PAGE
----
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Eric Altschuler, Ahmed Meleis; What Did the Early United States Presidents Really Look Like?: Gilbert Stuart Portraits as a “Rosetta Stone” to the Pre-Photography Era. Journal of Vision 2010;10(7):687. doi: 10.1167/10.7.687.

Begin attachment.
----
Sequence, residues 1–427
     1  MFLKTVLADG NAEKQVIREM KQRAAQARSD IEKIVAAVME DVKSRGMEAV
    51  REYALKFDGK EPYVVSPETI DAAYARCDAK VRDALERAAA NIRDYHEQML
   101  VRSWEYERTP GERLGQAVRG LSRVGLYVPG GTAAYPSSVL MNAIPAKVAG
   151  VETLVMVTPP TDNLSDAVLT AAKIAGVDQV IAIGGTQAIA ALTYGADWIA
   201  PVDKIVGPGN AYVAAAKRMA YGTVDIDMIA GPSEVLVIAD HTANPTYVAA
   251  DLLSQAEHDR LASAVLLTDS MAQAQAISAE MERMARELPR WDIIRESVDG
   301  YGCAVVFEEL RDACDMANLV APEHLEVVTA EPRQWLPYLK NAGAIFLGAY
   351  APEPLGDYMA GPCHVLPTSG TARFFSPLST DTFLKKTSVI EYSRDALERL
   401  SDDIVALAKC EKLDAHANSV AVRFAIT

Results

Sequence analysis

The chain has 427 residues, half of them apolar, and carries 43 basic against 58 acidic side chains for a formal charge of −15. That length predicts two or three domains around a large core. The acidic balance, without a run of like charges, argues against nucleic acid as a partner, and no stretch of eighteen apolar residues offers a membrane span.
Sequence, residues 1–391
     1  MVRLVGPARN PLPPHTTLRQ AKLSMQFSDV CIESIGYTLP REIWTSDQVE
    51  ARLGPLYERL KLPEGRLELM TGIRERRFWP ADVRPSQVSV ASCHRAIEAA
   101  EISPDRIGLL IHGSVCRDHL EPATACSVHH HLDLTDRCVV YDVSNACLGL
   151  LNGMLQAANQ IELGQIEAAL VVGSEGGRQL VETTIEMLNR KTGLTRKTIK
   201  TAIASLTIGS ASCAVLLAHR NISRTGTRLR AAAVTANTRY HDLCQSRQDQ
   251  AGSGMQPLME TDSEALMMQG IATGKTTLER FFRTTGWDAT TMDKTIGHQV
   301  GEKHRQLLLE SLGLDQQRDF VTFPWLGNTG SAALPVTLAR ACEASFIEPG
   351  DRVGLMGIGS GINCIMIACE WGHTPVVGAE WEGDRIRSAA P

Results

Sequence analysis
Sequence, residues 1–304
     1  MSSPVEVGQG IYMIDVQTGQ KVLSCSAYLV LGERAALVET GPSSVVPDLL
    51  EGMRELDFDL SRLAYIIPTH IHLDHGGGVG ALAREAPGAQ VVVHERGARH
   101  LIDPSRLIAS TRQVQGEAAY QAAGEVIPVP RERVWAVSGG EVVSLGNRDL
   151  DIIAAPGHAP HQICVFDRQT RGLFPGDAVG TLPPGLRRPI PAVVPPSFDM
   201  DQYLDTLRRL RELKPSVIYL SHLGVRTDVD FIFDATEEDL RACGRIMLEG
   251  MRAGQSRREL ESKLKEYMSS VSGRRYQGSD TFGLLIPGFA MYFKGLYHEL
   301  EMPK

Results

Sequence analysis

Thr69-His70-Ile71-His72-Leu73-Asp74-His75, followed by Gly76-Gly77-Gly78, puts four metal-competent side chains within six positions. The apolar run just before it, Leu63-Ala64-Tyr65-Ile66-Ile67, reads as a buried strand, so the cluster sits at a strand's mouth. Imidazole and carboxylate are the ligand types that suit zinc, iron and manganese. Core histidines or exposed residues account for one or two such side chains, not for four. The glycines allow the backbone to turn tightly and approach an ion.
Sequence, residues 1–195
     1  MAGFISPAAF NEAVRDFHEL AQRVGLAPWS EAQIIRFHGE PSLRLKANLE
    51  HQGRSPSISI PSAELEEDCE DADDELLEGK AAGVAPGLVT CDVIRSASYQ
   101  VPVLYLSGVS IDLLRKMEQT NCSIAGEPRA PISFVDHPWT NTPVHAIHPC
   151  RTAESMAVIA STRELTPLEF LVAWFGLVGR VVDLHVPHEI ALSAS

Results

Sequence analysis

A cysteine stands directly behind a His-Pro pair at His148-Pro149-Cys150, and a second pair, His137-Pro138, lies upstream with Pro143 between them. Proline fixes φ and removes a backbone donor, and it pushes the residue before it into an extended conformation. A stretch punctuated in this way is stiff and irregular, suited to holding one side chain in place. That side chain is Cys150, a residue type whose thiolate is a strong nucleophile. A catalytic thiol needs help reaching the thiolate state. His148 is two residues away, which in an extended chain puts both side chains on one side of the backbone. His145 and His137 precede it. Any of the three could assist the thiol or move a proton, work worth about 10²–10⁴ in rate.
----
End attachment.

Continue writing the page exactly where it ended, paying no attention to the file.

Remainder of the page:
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There are no photographs for the first five United States Presidents (George Washington through James Monroe). However, there does exist a photograph of the sixth President John Quincy Adams (1767-1848, President 1825-1829). The fact that President John Quincy Adams straddled the eras of portraiture and photography thus offers the exciting possibility of seeing how faithful portraitists in the pre-photography era were, and, if found faithful, to knowing the true likenesses of the early Presidents and other individuals who were never photographed–a veritable “Rosetta Stone” into the pre-photography era. The great American painter Gilbert Stuart (1755-1828) painted the first six presidents. Stuart's 1818 portrait of Quincy Adams bears a striking resemblance to an 1848 photograph of Quincy Adams, ever more so when we “aged” Stuart's portrait using a freely available program. Similarly, Stuart's portraits of US Senator Daniel Webster and physician John Collins Warren are remarkably faithful to photographs taken years later. However, conversely, we find a likeness of Quincy Adams painted by another well-known American painter, Charles Willson Peale (1741-1827) to be not as faithful to the photograph as Stuart's. Thus, Stuart's portraits can serve as a “Rosetta Stone” to know the images of individuals who lived before photography. In theory one can bootstrap further back in time. This perspective on portraits also gives a way of viewing artists from all eras: Indeed, while Stuart is faithful to his subjects, and his portraits capture critical features of a subject's face, they not nearly as detailed as portraits by Holbein (c. 1497-1543), for example, Holbein's 1527 portrait of Sir Thomas More. This portrait in turn pales in terms of detail in comparison with van Eyck's 1438 portrait of Cardinal Albergati. van Eyck used the same detail in the portrait, e.g., lines, creases, hairs, as he did in all aspects of his other paintings.
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